Manual Thoracic Surg Arndt Von Hippel

ISBN: 9780961580810

Published: January 1st 1986


502 pages


Manual Thoracic Surg  by  Arndt Von Hippel

Manual Thoracic Surg by Arndt Von Hippel
January 1st 1986 | Paperback | PDF, EPUB, FB2, DjVu, talking book, mp3, RTF | 502 pages | ISBN: 9780961580810 | 9.35 Mb

Air, blood, lymph and food pass through the normal thorax at highly variable rates and pressures. Chest injuries and diseases regularly derange many critical body systems and functions. A Manual of Thoracic Surgery opens its detailed and practicalMoreAir, blood, lymph and food pass through the normal thorax at highly variable rates and pressures. Chest injuries and diseases regularly derange many critical body systems and functions.

A Manual of Thoracic Surgery opens its detailed and practical discussion of thoracic physiology and thoracic surgery by reviewing all that the mere observation of a closed chest drainage system can reveal. This book was written for those who wish to understand more, and memorize less, about why they do what they do for their patients.

It remains an internationally respected source of useful clinical insights on a wide range of surgical conditions. Background, Purpose and ApproachChest surgeons regularly assimilate new therapeutic concepts and technological advances. They routinely perform complex operative procedures with many sequential steps. And they repeatedly acquire new surgical techniques during post-graduate seminars and brief fellowships.Surgeons now in their 30s to 50s trained at a time when common thoracic surgical procedures were often routinely successful.

But routine success has its own problems, as patients develop unrealistic expectations and surgeons become entrapped by technically demanding surgical procedures they have inherited. For even routine procedures sometimes go astray. And many operations in and about the chest remain far from routine.Yet under clinically threatening circumstances, many surgeons are reluctant to modify or relinquish their time-honored approaches.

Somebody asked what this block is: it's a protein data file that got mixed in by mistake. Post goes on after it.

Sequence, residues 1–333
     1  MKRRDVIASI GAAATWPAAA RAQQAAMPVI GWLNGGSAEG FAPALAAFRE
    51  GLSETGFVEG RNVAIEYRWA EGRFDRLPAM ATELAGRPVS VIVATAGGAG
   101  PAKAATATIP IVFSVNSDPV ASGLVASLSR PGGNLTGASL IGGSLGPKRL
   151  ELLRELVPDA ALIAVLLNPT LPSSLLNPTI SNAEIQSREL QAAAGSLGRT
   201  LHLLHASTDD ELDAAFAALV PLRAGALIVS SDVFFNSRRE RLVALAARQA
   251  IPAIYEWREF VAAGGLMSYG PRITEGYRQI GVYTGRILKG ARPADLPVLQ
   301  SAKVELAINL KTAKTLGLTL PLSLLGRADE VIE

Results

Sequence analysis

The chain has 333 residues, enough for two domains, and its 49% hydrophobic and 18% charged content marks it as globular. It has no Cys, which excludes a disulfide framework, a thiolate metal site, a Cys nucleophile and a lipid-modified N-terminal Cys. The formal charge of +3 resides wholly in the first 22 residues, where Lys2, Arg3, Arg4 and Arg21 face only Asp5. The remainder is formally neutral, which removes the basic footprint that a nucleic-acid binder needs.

For those who have had no part in developing current procedures cannot always be sure why certain steps have become a part of their routine. Consequently, they feel pressured to do it the same way every time - even when circumstances might suggest something more appropriate - because any change could prove harmful and hard to defend.Countless surgical authorities and many surgical textbooks tell the surgeon how to operate in and about the chest.

Some try to explain why things should be done in a certain fashion. But while surgical authorities regularly disagree on technical matters, many cannot clarify (and some do not know) which steps are essential and which represent the irrelevant residue of long-abandoned routines.Modern surgical practices evolved over centuries.

They arose through countless episodes of trial and error, over innumerable dead bodies, amidst fervent vows that Ill never do that again!. Indeed, it could not be otherwise. For surgical operations are often performed under emergency conditions. Even elective surgery proceeds without complete knowledge of the patient. And if one day it should become possible to obtain such complete knowledge (without performing an autopsy) it will still be impractical to acquire and utilize all of that information.Every surgical advance is eventually confirmed or discredited as individual surgeons observe individual operative outcomes.

Surgical operations always involve many known and unknown variables. Hence good ideas are sometimes abandoned prematurely because a poor result was caused by an unrelated variable. And useless or even harmful irrelevancies sometimes persist unless clearly detrimental.These systemic difficulties, and innumerable individual idiosyncrasies, explain why different training programs generate so many different approaches to apparently identical surgical problems.

They also explain why those who teach surgery - having suffered many disastrous outcomes - tend to view plausible but personally untested ideas or modifications with suspicion. So in the interests of patient safety and surgical efficiency, most surgical programs encourage those in training to do it the same way every time.And that is what makes von Hippels Manual so useful. For this book carefully and completely clarifies how, when and why a simple alternative approach could save the day. So while A Manual of Thoracic Surgery is no guide to the latest technological advances, it can certainly help those involved in thoracic surgery as they review, consolidate, upgrade and utilize more effectively the information they already possess about chest injuries and diseases.

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